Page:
Padberg, carrier on the new Hepp-ner-Butter
Creek mail route real
ized after many years of concerted
community effort.
"The people were tickled," said
"Buck," as friends familiarly ad
dress the new carrier. "And I had
the mail to the end of the route by
11 o'clock."
Starting at Heppner, the route
goes over a circuit out Hinton creek
and over Jones hill to Lena, back
down Butter creek to the Bartholo
mew ranch, and back over the hill
through Sand Hollow and Black
horse, a total distance of 62 miles.
Buck said he drove 70 miles yes
terday, however, making some un
necessary calls off the road to inform
people of the new service.
The mail is delivered over the
new route daily except Sundays and
holidays, and is known as Star Route
No. 2. Star Route No. 1 goes to
While the route has added work
for the local postoffice force, Chas.
B. Cox, postmaster, says they are
mighty glad to do it, and are coop
erating to the limit with the people
served to the end that they may have
the very best service possible. That,
also is the object expressed by the
new carrier.
Served by the new route are J. G.
Barratt, Harold Cohn, E. L. Grosh
ens, Mrs. James T. Morgan, Chas.
Monagle, William Francis, John
Hanna, Mrs. Lottie Kilkenny, Wm.
H. Instone, Walter and Chas. Luck
man, John Brosnan, Jerry Brosnan,
Ralph Jones, Percy Hughes, Edwin
Hughes, C. Vinson, Frank Swaggart,
George Currin, Joe Kenny, Harold
Wilkins, Marion Finch, John Healy,
Jim Daley, Chas. Bartholomew, H.
T. Vogler, Guy Abercrombie, Rus
sell Moore, Frank Saling, R. B. Rice,
Edward Rice, Archie Munkers,
Claud White, David Hynd, Sam Tur
ner, Jim Valentine, Ray Drake, E.
E. Edwards, Frank Moyer, Willie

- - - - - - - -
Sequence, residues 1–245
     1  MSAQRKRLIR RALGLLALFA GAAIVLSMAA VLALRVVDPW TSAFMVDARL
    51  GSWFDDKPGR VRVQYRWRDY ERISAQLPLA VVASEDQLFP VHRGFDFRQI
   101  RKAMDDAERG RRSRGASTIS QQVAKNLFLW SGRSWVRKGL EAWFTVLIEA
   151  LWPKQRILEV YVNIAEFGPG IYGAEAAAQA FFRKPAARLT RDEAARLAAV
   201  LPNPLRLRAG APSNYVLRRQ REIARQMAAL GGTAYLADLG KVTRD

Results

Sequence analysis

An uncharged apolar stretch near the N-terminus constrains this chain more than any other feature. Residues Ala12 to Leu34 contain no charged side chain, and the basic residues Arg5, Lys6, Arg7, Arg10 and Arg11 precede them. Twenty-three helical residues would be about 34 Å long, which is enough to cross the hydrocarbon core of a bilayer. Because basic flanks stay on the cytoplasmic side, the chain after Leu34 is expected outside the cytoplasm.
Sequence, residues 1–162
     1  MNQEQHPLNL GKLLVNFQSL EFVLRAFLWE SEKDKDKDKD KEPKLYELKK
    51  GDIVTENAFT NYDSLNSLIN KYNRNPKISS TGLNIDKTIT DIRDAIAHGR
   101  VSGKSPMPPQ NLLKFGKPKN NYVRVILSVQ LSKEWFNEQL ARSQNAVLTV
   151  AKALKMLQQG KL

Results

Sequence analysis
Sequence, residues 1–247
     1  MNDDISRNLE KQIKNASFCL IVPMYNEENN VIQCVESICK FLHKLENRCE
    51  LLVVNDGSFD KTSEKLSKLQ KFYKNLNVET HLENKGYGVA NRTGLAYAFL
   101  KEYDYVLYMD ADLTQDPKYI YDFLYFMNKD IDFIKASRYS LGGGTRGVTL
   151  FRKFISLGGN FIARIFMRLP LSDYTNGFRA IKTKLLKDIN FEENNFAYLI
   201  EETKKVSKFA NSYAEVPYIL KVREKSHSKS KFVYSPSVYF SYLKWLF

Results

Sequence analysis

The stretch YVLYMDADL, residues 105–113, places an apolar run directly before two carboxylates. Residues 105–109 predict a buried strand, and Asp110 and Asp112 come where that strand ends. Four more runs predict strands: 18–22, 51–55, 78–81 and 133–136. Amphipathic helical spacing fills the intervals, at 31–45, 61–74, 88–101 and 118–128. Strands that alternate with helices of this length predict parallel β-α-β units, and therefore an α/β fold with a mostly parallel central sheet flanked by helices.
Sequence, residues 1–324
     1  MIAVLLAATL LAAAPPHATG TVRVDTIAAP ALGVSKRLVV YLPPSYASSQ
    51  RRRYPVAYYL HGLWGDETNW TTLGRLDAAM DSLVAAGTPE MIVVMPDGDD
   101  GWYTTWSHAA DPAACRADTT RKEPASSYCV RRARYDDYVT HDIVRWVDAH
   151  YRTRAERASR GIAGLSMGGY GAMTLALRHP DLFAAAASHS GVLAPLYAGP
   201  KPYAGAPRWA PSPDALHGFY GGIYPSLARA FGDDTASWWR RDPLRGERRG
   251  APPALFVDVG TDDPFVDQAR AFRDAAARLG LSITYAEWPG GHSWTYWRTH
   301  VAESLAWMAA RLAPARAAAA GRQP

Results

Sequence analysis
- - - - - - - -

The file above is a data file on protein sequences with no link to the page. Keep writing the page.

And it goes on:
Steagle, Harry Duvall, Bernard Do
herty, Oral Scott, John Lane.
18 TO 20 -YOUTHS
Ninety-nine youths 18 to 20 years
of age were signed in the fifth draft
registration completed in Morrow
county Tuesday, announces the lo
cal selective service board.
Bert Johnson, chairman, thanks
registrars and those who donated
places of registration, for their
wholehearted . cooperation.
The fifth draft completes registra
tion of available manpower in the
country between the ages of 18 and
65. The fifth draft registrants are
not now subject to call for military
service, as the selective service act
provides for drafting men only above
20 years of age.
Here, as over the country, the
number registered in the 18 to 20
age group was below expectancy, ac
cording to observation of the local
Report has been received of the
recent death in The Dalles of Jos
eph Gilbert Kelly, who died follow
ing a tooth extraction. Kelly, a na
tive of Montana, had been in Hepp
ner for more than a year, doing
farm and mill work.
W. A. Hayes of Spokane, Wash.,
is visiting friends and relatives for
several days, expecting to remain
for the annual Hayes family picnic
on Rhea creek the Fourth of July.
Inflation Control Plan
Put Under
The word inflation and what it
means will eventually find its way
into every home in America if pre
sent plans carry out.
The government is out to control
inflation, which can be expressed in
other words as controlling the high
cost of living. In order to succeed
in this campaign it is necessary that
the man on the street, in the fac
tory, and on the farm know what
the program is all about and why it
is important.
The Federal Cooperative Exten
sion service with its county agents,
home demonstration, and 4-H club
agents has been given the job of
getting this and other war emer
gency information to every rural
Secretary of Agriculture Wickard
has stated, "I am depending on ex
tension to train a much larger num
ber of local volunteer leaders to
help in carrying forward all phases
of agriculture's wartime program"
With preliminary plans made last
week at meetings in all thirty-six
Oregon counties the extension ser
vice in Oregon is undertaking to
carry out through every county,
community, and ultimately to every
neighborhood, the story about in
flation, how it is a threat to the
war effort, and a threat to the well
being of every person in the coun-
Some Goozelberries,